12,521
    85
    341
    Apr 20, 2007
    Ontario, Canada
    Quote:Some (well ok, realistically *many*) customers are going to be totally weirded out by the fertile egg concept, if they know about it or get to wondering. So that is a consideration.

    (Some people are really *into* fertile eggs, but they are a tiny minority).

    Pat
     
  8. patandchickens

    patandchickens Flock Mistress

    12,521
    85
    341
    Apr 20, 2007
    Ontario, Canada
    Not being aware that if you get started (ready to lay) pullets from a feed store or large hatchery, they are almost certain to be debeaked. They can still function, but have some limitations, and IMO one should think twice (at least) before supporting the practice.

    As others have said, building too small a coop [​IMG]

    Coop with insufficient ventilation.

    Coop and/or run too permeable to predators (chicken wire does NOT keep most predators out, the chickenwire they sell these days is quite flimsy compared to your average raccoon or hungry dog/coyote).

    Not covering the run, if you don't want hawk predation and the rarer but nonzero possibility of climbing predators (raccoons, foxes, possums etc *do* sometimes hunt in daytime).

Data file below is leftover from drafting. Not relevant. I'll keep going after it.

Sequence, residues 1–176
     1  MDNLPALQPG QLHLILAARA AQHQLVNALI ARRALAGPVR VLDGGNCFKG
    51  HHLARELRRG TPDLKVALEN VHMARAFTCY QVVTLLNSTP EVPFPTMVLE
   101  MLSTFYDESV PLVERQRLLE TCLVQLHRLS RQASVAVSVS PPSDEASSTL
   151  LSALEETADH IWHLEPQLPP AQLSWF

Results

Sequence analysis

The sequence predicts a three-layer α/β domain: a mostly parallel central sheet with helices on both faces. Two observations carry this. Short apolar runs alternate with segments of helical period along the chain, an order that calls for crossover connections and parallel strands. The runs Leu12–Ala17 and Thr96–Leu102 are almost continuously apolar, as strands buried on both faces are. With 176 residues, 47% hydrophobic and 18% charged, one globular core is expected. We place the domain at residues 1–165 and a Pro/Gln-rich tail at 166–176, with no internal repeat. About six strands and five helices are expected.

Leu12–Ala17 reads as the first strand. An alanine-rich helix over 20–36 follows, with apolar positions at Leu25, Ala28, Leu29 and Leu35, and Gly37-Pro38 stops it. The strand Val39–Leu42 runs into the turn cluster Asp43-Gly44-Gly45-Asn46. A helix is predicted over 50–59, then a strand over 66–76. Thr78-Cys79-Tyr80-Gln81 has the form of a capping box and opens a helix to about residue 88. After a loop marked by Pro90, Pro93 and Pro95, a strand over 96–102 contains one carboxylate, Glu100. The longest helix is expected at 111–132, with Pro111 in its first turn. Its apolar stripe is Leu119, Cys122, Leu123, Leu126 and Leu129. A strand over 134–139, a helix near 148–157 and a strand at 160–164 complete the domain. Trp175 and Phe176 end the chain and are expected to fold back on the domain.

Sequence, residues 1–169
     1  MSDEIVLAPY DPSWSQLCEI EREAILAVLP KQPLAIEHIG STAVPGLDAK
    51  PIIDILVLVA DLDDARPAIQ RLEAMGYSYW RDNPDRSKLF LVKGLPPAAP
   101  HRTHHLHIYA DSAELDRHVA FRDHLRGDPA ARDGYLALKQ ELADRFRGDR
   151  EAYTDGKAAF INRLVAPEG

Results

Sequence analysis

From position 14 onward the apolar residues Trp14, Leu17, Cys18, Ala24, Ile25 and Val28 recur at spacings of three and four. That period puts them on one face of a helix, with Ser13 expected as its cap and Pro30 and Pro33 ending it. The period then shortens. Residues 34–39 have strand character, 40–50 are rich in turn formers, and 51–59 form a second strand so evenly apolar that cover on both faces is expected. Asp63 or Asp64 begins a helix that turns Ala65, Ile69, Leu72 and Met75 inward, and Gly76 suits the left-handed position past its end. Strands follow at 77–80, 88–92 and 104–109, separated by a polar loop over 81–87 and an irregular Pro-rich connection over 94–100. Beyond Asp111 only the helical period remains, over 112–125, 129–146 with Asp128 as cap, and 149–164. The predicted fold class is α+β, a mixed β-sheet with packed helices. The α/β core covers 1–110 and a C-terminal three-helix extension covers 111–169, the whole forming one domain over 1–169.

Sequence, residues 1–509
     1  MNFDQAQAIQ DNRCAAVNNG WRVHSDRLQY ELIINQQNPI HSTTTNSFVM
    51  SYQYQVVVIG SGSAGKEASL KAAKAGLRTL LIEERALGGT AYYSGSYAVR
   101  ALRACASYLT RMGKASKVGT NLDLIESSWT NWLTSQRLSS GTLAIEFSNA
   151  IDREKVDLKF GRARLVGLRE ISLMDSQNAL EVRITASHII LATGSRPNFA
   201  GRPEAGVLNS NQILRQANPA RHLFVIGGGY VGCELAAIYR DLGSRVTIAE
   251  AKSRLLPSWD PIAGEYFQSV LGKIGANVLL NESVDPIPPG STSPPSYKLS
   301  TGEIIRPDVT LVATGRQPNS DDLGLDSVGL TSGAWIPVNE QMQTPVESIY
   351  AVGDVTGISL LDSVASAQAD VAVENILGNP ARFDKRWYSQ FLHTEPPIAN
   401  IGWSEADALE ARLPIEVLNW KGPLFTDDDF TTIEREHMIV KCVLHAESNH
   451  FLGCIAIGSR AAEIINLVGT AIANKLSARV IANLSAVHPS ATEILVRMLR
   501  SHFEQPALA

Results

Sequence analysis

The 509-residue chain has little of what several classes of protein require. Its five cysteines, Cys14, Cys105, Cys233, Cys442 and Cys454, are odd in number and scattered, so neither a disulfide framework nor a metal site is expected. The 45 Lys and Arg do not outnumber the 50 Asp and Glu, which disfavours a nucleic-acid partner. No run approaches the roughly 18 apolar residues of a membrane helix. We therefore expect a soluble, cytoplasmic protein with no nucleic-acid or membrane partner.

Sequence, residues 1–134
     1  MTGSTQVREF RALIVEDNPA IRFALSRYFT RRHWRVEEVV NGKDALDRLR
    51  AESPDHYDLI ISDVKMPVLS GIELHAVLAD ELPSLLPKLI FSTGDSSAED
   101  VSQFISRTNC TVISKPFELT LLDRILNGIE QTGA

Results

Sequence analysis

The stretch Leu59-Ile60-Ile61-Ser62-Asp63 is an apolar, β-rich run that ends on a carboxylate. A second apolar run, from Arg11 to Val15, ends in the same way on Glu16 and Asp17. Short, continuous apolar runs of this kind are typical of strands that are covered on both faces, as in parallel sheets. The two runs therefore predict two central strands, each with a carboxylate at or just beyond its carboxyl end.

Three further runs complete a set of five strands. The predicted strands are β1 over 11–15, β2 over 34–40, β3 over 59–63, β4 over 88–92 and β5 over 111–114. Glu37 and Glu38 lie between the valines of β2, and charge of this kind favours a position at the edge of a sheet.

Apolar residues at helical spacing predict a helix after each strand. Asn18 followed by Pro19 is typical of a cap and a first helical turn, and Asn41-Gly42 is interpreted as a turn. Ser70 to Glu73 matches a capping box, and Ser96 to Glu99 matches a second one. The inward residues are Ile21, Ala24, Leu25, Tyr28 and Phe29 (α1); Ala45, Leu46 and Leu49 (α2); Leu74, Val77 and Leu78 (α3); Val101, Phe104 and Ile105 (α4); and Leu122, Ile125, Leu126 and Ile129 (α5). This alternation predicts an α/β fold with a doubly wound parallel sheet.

Not shutting the hens securely into the coop at night (run door closed), unless you have a seriously fort-knox run (and a lot of people have *thought* they did, til they came out one morning...)

    Expecting a tractor to be much lower-maintenence and lower-lawn-impact than it actually is [​IMG]

    That's all I can think of offhand. FWIW, I have been guilty of four of the above, won't say which [​IMG]


    Pat
     
  9. cluckychick

    cluckychick Chillin' With My Peeps

    Mar 29, 2008
    South of KCMO
    My newbie mistake was thinking I could go in and just buy 5 because that's all I wanted to begin with. Now I have 25 [​IMG]

    However many you get make sure you build your coop twice as big to accomdate the ones your bound to get in the future. [​IMG] Then make sure the coop and run are done before the chicks are ready to go outside [​IMG]
     
  10. bamadominaker

    bamadominaker Chillin' With My Peeps

    172
    0
    129
    Apr 7, 2008
    Honoraville, Alabama
    I didn't mean it was bad that all the eggs have been fertile, I just hated the fact that if I had a bator i could have had more chickies in a couple of weeks. But it's coming along nicely. I bought more chickies and they are wonderful. i wish I would have started out with then first b/c the other 3 I can't get them to come to me to save my life. I wanted more of a pet I think, but then the way the economy is may need food, later on.


    It really is what you want or need. That is how I have to look at it. B/c we are trying to become self sufficent so that in 3 years I can go home permantly. It's hard to manage full time job, and full house. We are blessed that we have so much and can do the little things. Chick, hens, roo, dog, daugther, hubby, oh my, quilting, sewing. Where am I, gets lost.

    Life is good and all of this has slowed me down in my ripe age of 31. I feel more grounded than I ever have.
     

BackYard Chickens is proudly sponsored by